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Children ages 2-11 could potentially be eligible for a COVID-19 vaccine this fall.
Pfizer Chairman and CEO Albert Bourla, D.V.M., Ph.D., said on a quarterly earnings call Tuesday he expects to request emergency use authorization (EUA) from the Food and Drug Administration (FDA) in September. Under his plan, an EUA request for ages six months to 2 years would follow in the fourth quarter.
Pfizer and its partner BioNTech currently are waiting for an FDA decision on an EUA for adolescents ages 12-15 years. The New York Times reported that approval could come later this week or early next week, giving adolescents the opportunity to be vaccinated before classes begin in the fall. The companies reported in March their vaccine was safe and 100% effective in this age group.
President Joe Biden said Tuesday if the FDA approves, officials will focus on making vaccines available through pediatricians and family physicians. He is challenging states to vaccinate as many adolescents as possible by July 4.
“Parents and their children can talk to their family doctor about it and get their shot from a provider they trust the most. Easy, fast and free,” Biden said. “And if teens are on the move this summer, they can get their first shot in one place and the second shot elsewhere.”
The AAP has continued to push for pediatric vaccine trials in children and adolescents. Last week, children made up 22.4% of new cases, a share that has been growing, according to data from the AAP and Children’s Hospital Association. More than 3.78 million children have been infected with SARS-CoV-2 and at least 303 have died. The pandemic also has taken a toll on children’s mental and emotional health, social well-being and their educational experience.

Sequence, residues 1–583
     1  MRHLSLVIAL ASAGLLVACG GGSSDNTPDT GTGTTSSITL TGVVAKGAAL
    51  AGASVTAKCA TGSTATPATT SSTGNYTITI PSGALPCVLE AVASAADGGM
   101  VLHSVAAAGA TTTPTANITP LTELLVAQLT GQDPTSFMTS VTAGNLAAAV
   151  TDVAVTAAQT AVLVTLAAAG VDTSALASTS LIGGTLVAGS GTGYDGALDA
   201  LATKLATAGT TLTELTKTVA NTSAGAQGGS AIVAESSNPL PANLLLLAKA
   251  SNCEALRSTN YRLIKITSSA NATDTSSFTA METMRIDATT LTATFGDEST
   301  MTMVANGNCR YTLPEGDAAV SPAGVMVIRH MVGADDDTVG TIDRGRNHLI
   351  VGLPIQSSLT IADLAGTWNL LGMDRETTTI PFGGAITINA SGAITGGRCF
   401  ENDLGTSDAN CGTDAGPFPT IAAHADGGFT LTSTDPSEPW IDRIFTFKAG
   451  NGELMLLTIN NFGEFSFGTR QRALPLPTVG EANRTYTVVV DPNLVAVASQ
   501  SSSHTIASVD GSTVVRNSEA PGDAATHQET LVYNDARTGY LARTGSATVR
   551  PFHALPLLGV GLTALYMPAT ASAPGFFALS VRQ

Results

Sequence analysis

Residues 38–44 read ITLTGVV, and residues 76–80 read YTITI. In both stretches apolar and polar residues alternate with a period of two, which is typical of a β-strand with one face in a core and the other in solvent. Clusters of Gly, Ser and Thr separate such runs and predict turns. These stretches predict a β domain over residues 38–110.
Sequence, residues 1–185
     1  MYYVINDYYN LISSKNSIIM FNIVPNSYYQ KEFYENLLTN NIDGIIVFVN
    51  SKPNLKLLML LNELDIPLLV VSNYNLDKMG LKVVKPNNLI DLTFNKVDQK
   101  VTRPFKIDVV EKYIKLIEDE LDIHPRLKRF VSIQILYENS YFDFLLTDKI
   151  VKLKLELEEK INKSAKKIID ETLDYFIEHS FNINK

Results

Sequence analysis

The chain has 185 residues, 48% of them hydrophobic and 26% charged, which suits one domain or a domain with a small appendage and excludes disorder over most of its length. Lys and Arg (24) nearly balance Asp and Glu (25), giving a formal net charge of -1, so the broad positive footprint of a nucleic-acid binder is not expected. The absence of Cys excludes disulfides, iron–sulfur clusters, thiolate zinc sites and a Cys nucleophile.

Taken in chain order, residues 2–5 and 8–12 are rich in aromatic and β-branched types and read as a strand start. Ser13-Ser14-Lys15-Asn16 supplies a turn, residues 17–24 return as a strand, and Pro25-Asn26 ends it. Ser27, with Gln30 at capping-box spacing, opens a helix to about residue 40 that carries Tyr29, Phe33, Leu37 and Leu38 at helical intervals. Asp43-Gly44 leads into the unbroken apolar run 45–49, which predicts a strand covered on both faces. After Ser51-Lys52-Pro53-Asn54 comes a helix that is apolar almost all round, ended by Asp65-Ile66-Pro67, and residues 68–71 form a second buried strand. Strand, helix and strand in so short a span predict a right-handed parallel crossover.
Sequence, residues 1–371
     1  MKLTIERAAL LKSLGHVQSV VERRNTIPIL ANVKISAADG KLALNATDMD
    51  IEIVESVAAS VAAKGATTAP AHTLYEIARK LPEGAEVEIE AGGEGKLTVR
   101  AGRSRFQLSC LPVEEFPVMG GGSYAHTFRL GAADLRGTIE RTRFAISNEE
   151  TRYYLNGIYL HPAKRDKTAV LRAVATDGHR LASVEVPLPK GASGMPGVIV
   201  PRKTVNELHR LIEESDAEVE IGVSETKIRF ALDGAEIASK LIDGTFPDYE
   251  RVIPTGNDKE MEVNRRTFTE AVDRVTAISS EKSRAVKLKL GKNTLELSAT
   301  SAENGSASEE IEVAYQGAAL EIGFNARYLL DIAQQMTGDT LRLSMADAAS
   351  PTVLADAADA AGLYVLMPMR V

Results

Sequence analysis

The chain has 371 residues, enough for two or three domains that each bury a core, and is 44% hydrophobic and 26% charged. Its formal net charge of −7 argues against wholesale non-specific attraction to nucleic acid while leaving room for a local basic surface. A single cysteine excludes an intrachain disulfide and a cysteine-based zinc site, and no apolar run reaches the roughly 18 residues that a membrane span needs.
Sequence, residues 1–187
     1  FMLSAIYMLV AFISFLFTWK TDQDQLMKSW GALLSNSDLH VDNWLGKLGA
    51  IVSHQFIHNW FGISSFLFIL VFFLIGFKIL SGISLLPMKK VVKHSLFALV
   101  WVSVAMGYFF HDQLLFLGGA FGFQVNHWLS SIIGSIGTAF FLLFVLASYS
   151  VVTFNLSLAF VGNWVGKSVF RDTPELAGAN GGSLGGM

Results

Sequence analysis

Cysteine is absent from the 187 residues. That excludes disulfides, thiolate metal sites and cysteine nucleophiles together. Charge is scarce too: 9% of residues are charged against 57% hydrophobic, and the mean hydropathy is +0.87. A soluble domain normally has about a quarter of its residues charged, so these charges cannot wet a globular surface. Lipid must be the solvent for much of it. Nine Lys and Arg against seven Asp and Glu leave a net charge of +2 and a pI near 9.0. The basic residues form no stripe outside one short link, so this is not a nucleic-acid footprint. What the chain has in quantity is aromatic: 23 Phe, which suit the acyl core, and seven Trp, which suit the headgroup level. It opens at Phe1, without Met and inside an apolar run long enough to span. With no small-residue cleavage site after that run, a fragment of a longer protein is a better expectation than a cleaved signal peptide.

With adolescent vaccination on the horizon, the AAP has been helping pediatricians prepare to administer the vaccine in their practices. It recently updated its FAQs about COVID-19 vaccines and released new recommendations on how to prepare, how to implement vaccination in pediatric practices and how to get paid for vaccine administration.
In addition to addressing vaccination for children and adolescents on Tuesday, Dr. Bourla said the company plans to apply for full FDA licensure of the Pfizer-BioNTech vaccine by the end of this month for ages 16-85. He also expects to have phase 2 safety data on pregnant women in late July or early August.
Pfizer also is addressing its onerous cold storage requirements and has submitted new data to the FDA that could result in storage at standard refrigerator temperatures for up to four weeks.